|Date||April 28, 2017||Time||2:30 - 3:30 pm|
|Location||Baylor Sciences Building D.110|
Dr. Volodymyr Nosenko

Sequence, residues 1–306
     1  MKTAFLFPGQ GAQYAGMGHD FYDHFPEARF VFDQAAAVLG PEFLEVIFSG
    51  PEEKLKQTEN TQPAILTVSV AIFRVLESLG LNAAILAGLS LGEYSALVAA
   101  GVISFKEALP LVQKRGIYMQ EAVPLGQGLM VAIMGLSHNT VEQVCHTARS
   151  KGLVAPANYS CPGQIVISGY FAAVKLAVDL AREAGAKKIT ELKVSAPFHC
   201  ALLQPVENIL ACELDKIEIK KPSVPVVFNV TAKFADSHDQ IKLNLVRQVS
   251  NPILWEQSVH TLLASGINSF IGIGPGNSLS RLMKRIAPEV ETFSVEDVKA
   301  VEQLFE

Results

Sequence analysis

Abstract: Two-dimensional (2D) plasma crystals are popular model systems to study various phenomena such as waves, phase transitions, and transport phenomena, in real time and at the level of individual particles. However, careful attention is required to clearly differentiate between the generic and plasma-related phenomena which are peculiar to plasma crystals. The latter, for instance, may include channeling of upstream extra particles, mode-coupling instability (MCI), or particle pairing. Vertical pairs of particles can form in a 2D plasma crystal spontaneously or after a sudden drop of the neutral gas pressure. Pairs of particles which were spinning around their axis were recently observed experimentally. Such spinning pairs, or torsions are driven by the vertical flow of ions in the plasma sheath where the particles are suspended. Their formation can be stimulated by reducing the discharge power at constant neutral gas pressure. At higher gas pressures, torsions spontaneously form below a certain power threshold. However, at lower gas pressures their formation is preceded by MCI. The essential role of ion wakes in the above mentioned phenomena will be discussed.
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